5 Reasons Someone Might Stay At Your Church

Over 17 years ago my wife and I walked into our current church and by the end of the morning we said to each other, “We’re home.”

What makes a church “home”? What makes it special? What makes it worth committing our lives to it? Here are a few suggestions from personal experience.

1. The church is a family

This shouldn’t need to be stated. A church that is loving, caring and intentional about serving others will be a true Christ-centered family.

This kind of family life is going to be tough to leave. It takes work though. It doesn’t come easy. It means forgiving each other when we are hurt.

It means making the late night visits, making meals, helping others move, looking after kids and on and on. It’s work, but it’s worth it.

2. Leaders lead out front

People want to be led. They want to know that their church has a vision, a direction and that the elders are the ones to model that vision to the church.

That requires elders to be visible and highly communicative. In my own experience as an elder, the times we have gone before the assembly and clearly stated a vision it has been received by the majority.

Even if people don’t agree with a decision, they know exactly where the leadership stands and are not confused about what is happening.

3. Teaching that impacts the heart

There’s nothing more invigorating than to leave the church on a Sunday excited about the Christian life because you were uplifted by the Word.

A church that is intentional about practical, powerful teaching is going to have well-fed, fulfilled believers. It confirms that the Scriptures are not just for the mind but for the heart as well.

This also means using those who are gifted and not just anyone or everyone. Developing gift within the body is key to the growth of the church.

4. Every member mentality

There are some people who love to do nothing. I mean nothing at all. Those people are rare. Most of us want to be involved. We want to be a part of something important. We want to be a member of the body.

A church that allows every person in the fellowship to be active and involved is going to see the body thrive. This also includes children.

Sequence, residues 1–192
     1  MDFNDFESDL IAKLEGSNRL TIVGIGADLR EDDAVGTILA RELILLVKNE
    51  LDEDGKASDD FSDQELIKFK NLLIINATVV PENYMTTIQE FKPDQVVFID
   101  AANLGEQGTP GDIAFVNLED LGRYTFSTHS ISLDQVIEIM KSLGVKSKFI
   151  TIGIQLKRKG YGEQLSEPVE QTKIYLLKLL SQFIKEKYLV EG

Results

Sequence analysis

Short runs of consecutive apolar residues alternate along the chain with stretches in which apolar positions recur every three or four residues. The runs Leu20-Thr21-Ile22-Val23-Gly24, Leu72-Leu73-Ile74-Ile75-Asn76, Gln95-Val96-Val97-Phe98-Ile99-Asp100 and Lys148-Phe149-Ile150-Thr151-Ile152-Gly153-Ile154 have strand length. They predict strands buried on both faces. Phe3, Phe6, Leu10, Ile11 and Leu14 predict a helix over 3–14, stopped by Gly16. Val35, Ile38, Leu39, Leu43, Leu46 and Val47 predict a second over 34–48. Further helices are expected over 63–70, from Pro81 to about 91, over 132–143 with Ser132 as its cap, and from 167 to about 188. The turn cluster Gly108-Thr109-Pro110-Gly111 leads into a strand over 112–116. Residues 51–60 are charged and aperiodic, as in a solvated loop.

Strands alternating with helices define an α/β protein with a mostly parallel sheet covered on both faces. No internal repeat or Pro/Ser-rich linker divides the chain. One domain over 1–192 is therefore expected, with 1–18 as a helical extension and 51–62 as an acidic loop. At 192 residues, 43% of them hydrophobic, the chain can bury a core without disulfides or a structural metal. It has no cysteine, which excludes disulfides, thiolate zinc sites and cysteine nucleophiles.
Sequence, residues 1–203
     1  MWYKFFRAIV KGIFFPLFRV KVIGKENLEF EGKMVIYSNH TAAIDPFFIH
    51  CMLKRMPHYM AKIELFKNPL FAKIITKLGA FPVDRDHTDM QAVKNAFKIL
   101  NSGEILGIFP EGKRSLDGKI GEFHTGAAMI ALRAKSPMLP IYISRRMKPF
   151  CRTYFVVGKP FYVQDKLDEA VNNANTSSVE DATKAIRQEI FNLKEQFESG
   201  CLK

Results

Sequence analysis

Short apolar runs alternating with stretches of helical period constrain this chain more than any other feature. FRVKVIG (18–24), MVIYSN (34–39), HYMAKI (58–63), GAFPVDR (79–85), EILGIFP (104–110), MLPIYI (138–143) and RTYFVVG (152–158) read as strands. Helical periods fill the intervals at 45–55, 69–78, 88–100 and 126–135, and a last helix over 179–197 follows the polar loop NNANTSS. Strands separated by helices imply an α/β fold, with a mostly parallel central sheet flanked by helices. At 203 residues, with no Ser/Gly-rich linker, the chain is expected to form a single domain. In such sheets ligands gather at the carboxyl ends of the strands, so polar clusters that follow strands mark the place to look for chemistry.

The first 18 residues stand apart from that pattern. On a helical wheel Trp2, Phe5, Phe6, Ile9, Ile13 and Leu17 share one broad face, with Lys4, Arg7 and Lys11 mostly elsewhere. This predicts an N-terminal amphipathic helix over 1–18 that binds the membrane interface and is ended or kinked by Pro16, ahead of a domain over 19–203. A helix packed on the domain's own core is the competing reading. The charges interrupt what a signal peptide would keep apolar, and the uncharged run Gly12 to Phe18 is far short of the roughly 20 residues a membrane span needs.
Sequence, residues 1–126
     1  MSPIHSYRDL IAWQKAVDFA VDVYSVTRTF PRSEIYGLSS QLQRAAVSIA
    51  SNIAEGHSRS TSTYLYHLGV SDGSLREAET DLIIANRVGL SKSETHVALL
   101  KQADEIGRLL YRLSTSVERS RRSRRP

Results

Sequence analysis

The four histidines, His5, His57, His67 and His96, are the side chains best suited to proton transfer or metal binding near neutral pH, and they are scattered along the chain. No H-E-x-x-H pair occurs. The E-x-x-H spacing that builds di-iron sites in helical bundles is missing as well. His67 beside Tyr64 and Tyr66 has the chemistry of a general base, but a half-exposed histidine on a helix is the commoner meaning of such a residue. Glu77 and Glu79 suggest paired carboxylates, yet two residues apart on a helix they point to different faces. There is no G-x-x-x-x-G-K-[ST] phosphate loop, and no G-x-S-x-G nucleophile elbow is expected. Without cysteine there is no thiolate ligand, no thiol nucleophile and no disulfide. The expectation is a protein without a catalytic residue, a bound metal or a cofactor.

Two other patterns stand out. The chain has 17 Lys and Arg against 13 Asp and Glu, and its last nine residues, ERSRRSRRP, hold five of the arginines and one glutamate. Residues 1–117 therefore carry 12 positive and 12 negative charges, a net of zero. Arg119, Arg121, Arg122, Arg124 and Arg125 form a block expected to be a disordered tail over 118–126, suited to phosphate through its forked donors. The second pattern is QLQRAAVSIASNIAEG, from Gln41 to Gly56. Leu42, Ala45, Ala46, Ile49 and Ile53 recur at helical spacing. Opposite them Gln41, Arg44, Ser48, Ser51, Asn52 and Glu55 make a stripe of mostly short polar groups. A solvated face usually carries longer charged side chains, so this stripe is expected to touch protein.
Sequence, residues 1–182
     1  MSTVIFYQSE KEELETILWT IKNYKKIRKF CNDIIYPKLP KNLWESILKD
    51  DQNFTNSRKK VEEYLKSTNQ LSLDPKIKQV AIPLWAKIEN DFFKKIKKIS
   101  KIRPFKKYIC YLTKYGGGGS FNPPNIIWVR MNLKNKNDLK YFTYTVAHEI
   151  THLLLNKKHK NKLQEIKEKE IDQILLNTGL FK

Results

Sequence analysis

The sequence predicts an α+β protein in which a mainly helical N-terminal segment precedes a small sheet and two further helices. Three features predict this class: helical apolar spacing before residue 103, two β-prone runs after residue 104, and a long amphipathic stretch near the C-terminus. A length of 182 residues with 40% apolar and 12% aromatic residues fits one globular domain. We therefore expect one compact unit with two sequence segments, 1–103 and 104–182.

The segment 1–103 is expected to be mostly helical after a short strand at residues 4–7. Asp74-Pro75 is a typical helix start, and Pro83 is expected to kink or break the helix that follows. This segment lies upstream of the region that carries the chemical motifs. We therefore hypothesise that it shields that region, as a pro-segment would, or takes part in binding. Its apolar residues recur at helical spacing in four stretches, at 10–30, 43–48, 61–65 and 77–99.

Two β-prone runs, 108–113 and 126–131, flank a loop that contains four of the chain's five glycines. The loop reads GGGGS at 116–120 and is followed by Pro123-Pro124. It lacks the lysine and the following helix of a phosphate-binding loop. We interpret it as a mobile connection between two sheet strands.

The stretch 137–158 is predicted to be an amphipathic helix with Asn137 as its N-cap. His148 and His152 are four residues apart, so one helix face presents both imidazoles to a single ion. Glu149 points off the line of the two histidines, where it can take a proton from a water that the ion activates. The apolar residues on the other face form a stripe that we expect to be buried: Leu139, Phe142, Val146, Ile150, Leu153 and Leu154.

We have several of our youth active in the main services of the church. They love it and so do their parents. Everyone counts!

5. Church life exists Monday to Saturday

This may seem similar to point #1 but it gets a bit more specific. A church that is involved in each other’s lives throughout the week is going to be healthy.

Nothing makes me encouraged more as an elder than to hear about God’s people encouraging one another throughout the week.

It’s pretty easy to “do” church on Sundays. A vibrant church will “be” the church 7 days a week.

Oh and also …

I could probably mention 100 other things but these are what came to me when I was thinking of this subject. Please leave a comment below and share your thoughts.



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    Good article Crawford! I would add to point 2 regarding leading out front and “leading by example” – “servant leadership” goes a long ways!


  2. Avatar

    I think one of the other important issues is that shepherds should also regularly talk with all the sheep individually, and know them all in depth personally, making themselves naturally involved in people’s lives. The mentality of leading only from the pulpit or from behind the scenes which pervades the congregations is not biblical, as it says elders are to be “given to hospitality”, and, like Paul did, should visit from house to house, seeing where people are at and seeking opportunities to teach where needed. Shepherds today only meet sheep who make appointments. But we are sheep, and sheep (the animals) under the care of a shepherd don’t naturally make appointments! No shepherd expects sheep to come to be examined. Rather, expects to see them drifting off somewhere, and goes after them individually to bring them home. They are regularly checked over personally by the shepherd to see if there is any issue or disease. How can a shepherd know where the problems are, and what teaching needs to be clarified, and what questions about the Bible people have, and where they have doubts, and if even they are truly saved, and where they need guidance, and what to pray for, for the sheep, if the shepherd just says hi and that’s it, and always talks with his comfortable group of friends at the meetings? How can a person with questions build the guts to ask them, if the elders never talk with them nor visit them nor have them over and instead make themselves scarce? How can one unload a difficult problem or confess to an issue that he needs help to overcome, if the elders are not involved closely in his or her life? I think that, though we don’t like to admit it, we live in an age similar to Ezekiel 34 where shepherds have given up the personal care of most of the sheep and so the sheep are scattered, as there is no real shepherd. Elders should seriously prayerfully consider this point. They love the sheep but they assume that the shepherding can be done from the pulpit instead of in the homes. “Given to hospitality” should describe every elder, and that towards all the sheep, not just their choice picks.


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